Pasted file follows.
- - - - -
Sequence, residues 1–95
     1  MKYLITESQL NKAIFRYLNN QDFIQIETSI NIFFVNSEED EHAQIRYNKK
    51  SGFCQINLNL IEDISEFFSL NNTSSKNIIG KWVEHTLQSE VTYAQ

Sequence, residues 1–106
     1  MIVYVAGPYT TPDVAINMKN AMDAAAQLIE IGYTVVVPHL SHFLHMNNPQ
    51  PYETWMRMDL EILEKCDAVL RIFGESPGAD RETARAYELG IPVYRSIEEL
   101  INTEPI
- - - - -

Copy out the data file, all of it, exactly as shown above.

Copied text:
Sequence, residues 1–95
     1  MKYLITESQL NKAIFRYLNN QDFIQIETSI NIFFVNSEED EHAQIRYNKK
    51  SGFCQINLNL IEDISEFFSL NNTSSKNIIG KWVEHTLQSE VTYAQ

Sequence, residues 1–106
     1  MIVYVAGPYT TPDVAINMKN AMDAAAQLIE IGYTVVVPHL SHFLHMNNPQ
    51  PYETWMRMDL EILEKCDAVL RIFGESPGAD RETARAYELG IPVYRSIEEL
   101  INTEPI